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TAG Programme Hosts Motivational Speaker, Michel Chikwanine

On the topics of resilience and overcoming challenges, St. Michael’s College School (SMCS) students are getting set to hear from renowned motivational speaker, Michel Chikwanine.

“I will also be speaking from my own experience as a former child soldier in the Democratic Republic of Congo, as a refugee, and the lessons that I learned from them,” says Chikwanine. “How I built up resilience despite all the negativity of that history, and the importance of community. It’s important for us to build very positive communities around us because it’s those communities that help us move forward.”

Chikwanine will be speaking with students across all grades as part of a regularly scheduled virtual Teacher Advisory Group (TAG) session on Thursday, January 13.

Michel Chikwanine, motivational speaker at SMCS Tag Programme
Michel Chikwanine, motivational speaker, will speak with SMCS students during a virtual Teacher Advisory Group (TAG) session in January 2022.
Photo courtesy of: Michel Chikwanine

The TAG programme brings small groups of students together from different grades (in-person or virtually) with a faculty member to discuss a range of topics related to mental health and wellness.

“The goal is to prompt our students to consider the value of community, character, and resilience,” says Kristy Onyeaju, Assistant Head of the English Department at SMCS as well as founder and coordinator of the TAG programme. “These are the tenets of our TAG programme, and we wanted to start the year with a speaker who might inspire our students to reflect on these principles.”

Thursday’s discussion will be broadcast for the entire student community rather than presented to small groups.

Chikwanine became a motivational speaker following his graduation from high school in 2007 thanks to a job opportunity that took him across the United States, where he spoke at various inner-city schools. Throughout his career, he has had the opportunity to share the stage with well-known speakers such as Dr. Jane Goodall, world-famous conservationist, former prime minister Paul Martin, the Dalai Lama, and many more.

In-person TAG session at SMCS
An in-person TAG session among students and faculty that took place prior to the COVID-19 pandemic.

“Resiliency is incredibly important, especially when we’re faced with uncertainty, and life in general — as students are learning — is very uncertain,” says Chikwanine, speaking on the importance of resiliency in educating today’s student. “None of us know really what the future will hold, but the most important part is to never let any negativity or terrible things that happen to you be the only things that are important in your life.”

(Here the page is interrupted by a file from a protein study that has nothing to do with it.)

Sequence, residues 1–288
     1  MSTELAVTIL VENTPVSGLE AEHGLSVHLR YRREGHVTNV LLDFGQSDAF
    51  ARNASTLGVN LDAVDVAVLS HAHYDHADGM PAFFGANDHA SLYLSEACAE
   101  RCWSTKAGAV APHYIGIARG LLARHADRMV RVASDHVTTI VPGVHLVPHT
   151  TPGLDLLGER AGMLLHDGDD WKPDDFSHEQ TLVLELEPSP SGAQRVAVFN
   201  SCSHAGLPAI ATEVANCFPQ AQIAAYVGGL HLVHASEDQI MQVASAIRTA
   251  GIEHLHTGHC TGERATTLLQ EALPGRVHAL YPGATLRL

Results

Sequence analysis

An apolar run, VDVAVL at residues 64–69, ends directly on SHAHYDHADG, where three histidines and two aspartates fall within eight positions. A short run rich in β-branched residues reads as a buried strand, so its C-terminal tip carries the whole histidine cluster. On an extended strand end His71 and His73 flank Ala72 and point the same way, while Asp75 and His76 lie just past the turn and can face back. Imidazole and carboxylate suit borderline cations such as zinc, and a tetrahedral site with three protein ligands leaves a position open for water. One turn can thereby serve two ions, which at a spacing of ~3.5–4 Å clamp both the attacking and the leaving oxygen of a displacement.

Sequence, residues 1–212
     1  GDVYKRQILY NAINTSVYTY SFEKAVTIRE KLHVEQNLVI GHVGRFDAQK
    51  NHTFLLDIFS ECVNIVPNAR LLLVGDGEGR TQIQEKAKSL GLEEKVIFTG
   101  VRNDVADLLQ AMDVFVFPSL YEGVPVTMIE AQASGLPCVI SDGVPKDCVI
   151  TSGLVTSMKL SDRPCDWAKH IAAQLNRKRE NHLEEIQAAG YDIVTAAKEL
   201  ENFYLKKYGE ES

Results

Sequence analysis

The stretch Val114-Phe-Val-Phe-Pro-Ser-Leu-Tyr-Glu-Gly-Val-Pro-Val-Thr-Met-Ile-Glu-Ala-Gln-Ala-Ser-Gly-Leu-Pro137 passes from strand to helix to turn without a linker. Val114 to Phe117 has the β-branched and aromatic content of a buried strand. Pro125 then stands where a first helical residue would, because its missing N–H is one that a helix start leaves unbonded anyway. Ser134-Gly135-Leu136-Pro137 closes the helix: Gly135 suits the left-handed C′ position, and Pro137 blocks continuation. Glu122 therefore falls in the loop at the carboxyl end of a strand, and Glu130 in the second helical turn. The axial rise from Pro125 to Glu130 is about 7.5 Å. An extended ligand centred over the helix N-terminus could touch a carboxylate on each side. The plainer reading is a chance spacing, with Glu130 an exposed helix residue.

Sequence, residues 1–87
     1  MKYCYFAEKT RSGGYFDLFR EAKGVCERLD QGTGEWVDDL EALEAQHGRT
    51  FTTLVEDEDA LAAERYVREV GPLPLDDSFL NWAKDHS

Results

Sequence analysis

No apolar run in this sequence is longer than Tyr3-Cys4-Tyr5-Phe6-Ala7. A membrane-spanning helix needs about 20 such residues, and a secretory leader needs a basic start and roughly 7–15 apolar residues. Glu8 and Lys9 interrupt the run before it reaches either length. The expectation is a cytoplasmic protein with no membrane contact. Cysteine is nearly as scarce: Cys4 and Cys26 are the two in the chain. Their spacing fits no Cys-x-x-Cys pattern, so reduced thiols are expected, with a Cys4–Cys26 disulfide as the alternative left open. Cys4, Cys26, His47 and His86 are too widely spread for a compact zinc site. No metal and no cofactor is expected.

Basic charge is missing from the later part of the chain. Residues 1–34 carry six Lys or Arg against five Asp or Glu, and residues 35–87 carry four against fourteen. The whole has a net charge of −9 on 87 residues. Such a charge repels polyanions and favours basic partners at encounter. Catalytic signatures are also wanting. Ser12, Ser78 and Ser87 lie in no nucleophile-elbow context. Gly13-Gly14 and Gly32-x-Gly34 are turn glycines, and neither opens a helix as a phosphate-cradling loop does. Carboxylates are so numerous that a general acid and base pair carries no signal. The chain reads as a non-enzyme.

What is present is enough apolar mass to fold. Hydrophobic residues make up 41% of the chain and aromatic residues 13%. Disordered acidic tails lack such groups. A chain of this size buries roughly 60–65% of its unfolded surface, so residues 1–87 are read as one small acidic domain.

“Resiliency is moving forward despite how impossible or hard something seems. It’s important to push through because this builds resiliency and helps you grow as a human being and become a better person,” he adds. “For students who are going to be facing very uncertain futures with global warming and so many other issues that are going to be affecting our generation and their generation, it’s important for them to learn how to move forward. Never let any negativity put you down, but find the strength within yourself to overcome them, to challenge them, and to move forward.”

Upon listening to his presentation, Chikwanine hopes SMCS students come to understand that there isn’t anything they can’t overcome.

In-person TAG session at SMCS
Students meeting in smaller groups with a faculty member during an in-person TAG session. This photo was taken prior to the COVID-19 pandemic.

“The most important part of it is to keep your community around you and be a positive person,” says Chikwanine. “Being a positive person does not mean being a happy person all the time, it just means that your outlook on life is positive, that you want the best for yourself, your community, and the individuals around you.”

Chikwanine shares this advice for students looking to make a positive difference in the lives of others:

“It starts with small actions. A lot of people tend to think making a positive change, difference, or an impact on the world, you have to do this massive thing and have millions of dollars, but honestly making a difference is as simple as donating food to your local food bank. Maybe at school, you notice that somebody is being bullied or doesn’t talk or has a hard time interacting with people and you take a moment to go and say ‘hi’ and be kind to them. That in itself is being a positive person and making a difference in a person’s life.”

Michel Chikwanine will speak with students during TAG on Thursday, January 13.

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